By Brent Owen for The Voice-Tribune
This past April, after a final run in “Giselle,” ballerina Helen Daigle, a 20-year veteran with the Louisville Ballet, hung up her pointe shoes and said goodbye to professional dancing for good. Two months later, the company announced they would continue their working relationship with Daigle, hiring her on as the company’s newest ballet mistress.
Daigle hopes to bring the love and enthusiasm she felt as a little girl to her position as ballet mistress. If you aren’t familiar, the role would best be compared to that of a coach in other sports, helping to guide and condition the dancers to perform at their physical peak. According to the Royal Opera House’s definition: “It’s the ballet mistress’s job to make sure the corps de ballet is schooled to perfection.” And after a lifetime of experience, it’s a position Daigle doesn’t take lightly.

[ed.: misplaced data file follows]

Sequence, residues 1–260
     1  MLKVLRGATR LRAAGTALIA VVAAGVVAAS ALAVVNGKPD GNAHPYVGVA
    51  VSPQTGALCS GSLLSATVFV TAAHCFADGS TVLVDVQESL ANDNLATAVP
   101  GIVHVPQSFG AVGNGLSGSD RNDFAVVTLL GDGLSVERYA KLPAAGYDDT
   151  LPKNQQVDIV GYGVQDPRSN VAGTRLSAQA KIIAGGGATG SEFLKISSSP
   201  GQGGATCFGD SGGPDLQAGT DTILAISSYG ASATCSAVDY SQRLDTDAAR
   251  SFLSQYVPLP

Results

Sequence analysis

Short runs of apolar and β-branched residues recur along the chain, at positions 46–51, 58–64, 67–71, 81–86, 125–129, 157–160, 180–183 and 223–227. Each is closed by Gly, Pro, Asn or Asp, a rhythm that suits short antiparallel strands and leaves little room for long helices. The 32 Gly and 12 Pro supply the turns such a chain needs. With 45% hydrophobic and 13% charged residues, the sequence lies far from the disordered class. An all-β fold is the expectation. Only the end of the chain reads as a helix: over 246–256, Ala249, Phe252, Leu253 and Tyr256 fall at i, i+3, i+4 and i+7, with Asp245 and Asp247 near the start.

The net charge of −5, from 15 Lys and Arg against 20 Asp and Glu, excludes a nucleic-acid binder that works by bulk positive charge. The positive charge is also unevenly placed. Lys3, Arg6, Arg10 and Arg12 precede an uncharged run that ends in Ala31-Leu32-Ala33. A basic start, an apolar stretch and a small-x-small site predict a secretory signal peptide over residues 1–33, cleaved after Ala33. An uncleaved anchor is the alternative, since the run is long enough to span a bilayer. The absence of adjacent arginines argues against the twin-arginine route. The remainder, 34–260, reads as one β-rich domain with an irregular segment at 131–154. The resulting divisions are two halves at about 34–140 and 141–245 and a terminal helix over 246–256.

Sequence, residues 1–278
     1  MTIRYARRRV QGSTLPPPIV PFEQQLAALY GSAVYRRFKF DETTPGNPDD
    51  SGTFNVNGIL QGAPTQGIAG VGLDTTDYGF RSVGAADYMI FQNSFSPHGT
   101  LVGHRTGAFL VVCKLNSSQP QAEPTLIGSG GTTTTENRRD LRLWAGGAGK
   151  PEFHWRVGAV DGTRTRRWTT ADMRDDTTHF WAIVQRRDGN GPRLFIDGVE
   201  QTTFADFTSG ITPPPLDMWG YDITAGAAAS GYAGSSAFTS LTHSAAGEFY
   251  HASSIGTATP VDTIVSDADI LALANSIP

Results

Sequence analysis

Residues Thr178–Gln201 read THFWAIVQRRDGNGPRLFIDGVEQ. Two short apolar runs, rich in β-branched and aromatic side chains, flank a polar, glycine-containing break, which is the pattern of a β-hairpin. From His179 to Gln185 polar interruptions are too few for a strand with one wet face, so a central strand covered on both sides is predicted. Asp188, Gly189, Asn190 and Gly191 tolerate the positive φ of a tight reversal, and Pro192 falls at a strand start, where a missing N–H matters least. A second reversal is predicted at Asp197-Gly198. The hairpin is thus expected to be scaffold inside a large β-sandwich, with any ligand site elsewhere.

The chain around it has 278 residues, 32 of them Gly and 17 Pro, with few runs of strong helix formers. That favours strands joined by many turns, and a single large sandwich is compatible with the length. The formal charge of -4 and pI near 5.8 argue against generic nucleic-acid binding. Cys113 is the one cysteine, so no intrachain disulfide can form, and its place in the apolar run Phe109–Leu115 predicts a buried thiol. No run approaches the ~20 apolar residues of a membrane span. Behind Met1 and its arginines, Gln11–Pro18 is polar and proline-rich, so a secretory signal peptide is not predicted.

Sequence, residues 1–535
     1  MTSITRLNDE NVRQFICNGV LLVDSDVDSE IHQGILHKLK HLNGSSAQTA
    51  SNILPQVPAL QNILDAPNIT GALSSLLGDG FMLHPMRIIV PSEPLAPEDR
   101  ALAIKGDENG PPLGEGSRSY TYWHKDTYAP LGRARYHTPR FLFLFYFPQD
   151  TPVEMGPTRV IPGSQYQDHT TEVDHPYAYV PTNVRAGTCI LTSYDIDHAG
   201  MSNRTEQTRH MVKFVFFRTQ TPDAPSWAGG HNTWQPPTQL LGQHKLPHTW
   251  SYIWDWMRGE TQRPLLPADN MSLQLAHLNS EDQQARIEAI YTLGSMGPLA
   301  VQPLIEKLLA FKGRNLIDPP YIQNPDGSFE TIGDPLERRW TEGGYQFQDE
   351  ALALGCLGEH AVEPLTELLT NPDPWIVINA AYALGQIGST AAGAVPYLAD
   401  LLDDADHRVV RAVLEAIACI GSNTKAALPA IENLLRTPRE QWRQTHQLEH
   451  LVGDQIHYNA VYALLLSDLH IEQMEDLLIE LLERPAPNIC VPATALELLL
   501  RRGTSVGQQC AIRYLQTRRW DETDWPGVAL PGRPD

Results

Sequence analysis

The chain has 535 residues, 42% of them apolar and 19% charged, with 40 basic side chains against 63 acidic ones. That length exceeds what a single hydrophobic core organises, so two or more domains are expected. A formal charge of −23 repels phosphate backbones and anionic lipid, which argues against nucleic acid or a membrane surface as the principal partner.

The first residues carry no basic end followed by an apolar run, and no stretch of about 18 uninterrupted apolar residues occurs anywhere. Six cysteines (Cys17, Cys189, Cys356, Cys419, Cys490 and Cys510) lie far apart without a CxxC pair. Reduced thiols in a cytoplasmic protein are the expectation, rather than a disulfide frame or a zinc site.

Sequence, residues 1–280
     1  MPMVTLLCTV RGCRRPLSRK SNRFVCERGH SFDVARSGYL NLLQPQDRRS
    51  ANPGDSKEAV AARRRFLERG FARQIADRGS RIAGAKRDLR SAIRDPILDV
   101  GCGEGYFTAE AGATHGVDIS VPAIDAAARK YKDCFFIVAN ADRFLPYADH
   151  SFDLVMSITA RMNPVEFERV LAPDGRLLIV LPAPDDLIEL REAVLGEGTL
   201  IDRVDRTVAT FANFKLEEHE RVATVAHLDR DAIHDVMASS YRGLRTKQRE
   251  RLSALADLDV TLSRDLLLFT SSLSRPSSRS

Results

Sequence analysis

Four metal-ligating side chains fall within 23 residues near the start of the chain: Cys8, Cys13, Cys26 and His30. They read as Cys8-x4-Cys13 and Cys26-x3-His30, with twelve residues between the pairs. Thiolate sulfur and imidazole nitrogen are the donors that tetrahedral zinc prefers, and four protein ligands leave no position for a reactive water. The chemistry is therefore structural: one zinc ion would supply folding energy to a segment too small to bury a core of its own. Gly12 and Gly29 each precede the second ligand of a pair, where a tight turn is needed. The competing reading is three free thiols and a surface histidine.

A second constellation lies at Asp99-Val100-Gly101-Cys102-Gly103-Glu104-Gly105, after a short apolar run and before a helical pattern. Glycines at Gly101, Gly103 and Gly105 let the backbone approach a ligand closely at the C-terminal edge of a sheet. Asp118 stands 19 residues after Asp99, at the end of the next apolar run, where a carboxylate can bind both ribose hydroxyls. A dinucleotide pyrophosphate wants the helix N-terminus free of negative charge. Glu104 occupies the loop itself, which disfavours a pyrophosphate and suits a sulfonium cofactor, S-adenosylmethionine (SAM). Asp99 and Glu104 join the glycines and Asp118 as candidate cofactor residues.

“I want to create a positive environment that is both challenging and nurturing,” Daigle said of what she hopes to bring to her new role in the company. “In a way that will build them up as artists, but also as people, and as humans. I don’t want to be so myopic about the level of perfection that we aspire toward that it tears them down. I want to build dancers up, I’m not here to break them.”
Daigle, a native of Baton Rouge, Louisiana, has danced all her life but didn’t start formal training until she was 7. “My mom will tell you I started dancing as soon as soon as I learned to walk,” said Daigle. “I never really walked anywhere, I danced everywhere I went – skipping, twirling and leaping.”